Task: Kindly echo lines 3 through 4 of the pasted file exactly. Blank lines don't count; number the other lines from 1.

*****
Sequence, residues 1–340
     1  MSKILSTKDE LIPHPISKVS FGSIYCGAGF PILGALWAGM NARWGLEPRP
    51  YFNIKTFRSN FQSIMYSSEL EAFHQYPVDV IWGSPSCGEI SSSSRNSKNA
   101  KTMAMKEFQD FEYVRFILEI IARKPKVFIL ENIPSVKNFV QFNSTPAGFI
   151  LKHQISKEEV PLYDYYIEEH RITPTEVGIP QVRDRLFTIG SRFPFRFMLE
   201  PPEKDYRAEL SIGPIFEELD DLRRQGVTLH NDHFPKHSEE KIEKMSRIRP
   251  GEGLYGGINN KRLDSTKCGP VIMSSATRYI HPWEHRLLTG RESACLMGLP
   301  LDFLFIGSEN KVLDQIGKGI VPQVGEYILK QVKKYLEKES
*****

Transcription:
    51  YFNIKTFRSN FQSIMYSSEL EAFHQYPVDV IWGSPSCGEI SSSSRNSKNA
   101  KTMAMKEFQD FEYVRFILEI IARKPKVFIL ENIPSVKNFV QFNSTPAGFI